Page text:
While preemption has been used to set “floors”, it also sets “ceilings”. Ceilings occur when a state sets a standard and does not let localities tailor it to their needs. For example, of the six states that preempt inclusionary zoning, two do not expressly permit voluntary programs. When a state government enacts a ceiling preemption and creates no statewide standard of its own, it ultimately creates a “vacuum preemption” that leaves cities without any response to the housing crisis. This represents the misuse and abuse of preemption.
Housing preemption in recent years has received increased attention. In 2019, a preemption bill passed in Florida that targeted local zoning decisions and in that same year, Oregon set a statewide rent control policy.
These policies matter because they have consequences. The Urban Institute, in a series examining preempted policies, found inclusionary zoning can increase economic opportunity for low-income residents and rent control can provide residential stability.
What is next for cities?
Cities have options to pursue affordable, equitable housing, even in the face of preemption.
Cities can pursue voluntary programs. In the instance of inclusionary zoning, four of the six states expressly permit voluntary programs. In other states, local leaders are considering how to use discretionary spending to support community organizations that can do what the municipalities are preempted from doing.
Cities can demand state and federal action to create housing that is safe, high-quality and affordable. Three strategies cities can pursue to push back against state interference include communicating with residents about state interference, building coalitions, and pursuing legal challenges when necessary. Each of these strategies are discussed in depth in NLC’s Restoring City Rights in an Era of Preemption. As states weigh housing preemptions or consider their overreach, these tactics can be useful to local leaders seeking to advance local decision-making in the pursuit of affordable and equitable housing.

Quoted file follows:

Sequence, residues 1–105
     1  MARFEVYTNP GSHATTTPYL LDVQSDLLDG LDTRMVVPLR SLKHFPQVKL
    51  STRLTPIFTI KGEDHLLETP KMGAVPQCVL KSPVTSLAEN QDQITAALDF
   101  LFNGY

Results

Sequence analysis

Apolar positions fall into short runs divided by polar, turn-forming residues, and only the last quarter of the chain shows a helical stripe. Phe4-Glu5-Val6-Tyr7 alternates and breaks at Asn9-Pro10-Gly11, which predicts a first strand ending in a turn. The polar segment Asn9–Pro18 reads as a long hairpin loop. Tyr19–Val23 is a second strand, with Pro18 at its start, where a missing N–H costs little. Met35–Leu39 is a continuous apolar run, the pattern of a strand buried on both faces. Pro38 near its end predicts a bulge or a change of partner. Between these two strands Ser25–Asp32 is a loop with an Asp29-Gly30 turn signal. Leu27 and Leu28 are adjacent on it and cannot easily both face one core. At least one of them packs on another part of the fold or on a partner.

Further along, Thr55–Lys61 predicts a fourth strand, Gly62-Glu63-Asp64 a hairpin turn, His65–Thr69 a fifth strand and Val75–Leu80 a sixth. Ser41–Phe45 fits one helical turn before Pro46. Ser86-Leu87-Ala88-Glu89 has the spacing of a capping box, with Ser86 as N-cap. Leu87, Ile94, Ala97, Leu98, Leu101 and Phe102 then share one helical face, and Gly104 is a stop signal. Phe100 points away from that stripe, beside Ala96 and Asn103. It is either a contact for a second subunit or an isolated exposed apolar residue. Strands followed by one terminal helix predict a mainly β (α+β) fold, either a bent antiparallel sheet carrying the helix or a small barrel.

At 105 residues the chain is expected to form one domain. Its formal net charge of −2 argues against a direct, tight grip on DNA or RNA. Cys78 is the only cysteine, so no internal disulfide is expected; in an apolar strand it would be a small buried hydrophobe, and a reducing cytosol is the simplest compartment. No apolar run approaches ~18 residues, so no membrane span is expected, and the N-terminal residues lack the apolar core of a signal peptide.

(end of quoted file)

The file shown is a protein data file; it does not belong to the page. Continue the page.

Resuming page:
Local leaders, as part of these coalitions, can always turn to their state leagues who are on the front lines fighting to advance the interests of cities, towns and villages. The Florida League of Cities, who is currently facing battles such as the housing preemption bill, has created a toolkit of Home Rule and Civics Education resources and the Arkansas Municipal League launched a “Be Local. Be Heard” campaign website.
Local leaders can also review NLC’s Principles of Home Rule for the 21st Century. The principles articulate a comprehensive, affirmative vision of local decision-making reform that states can pursue.
Without more options to produce and preserve affordable housing, cities, towns and villages will continue to bear significant burden of the nation’s housing crisis that continues to worsen as a result of the outbreak of the novel coronavirus.
About the Authors
Lauren Lowery is the Program Director for Housing & Community Development at the National League of Cities.
Spencer Wagner is the Program Specialist with NLC’s Local Democracy Initiative. His research focuses on state preemption of local policy and its impacts.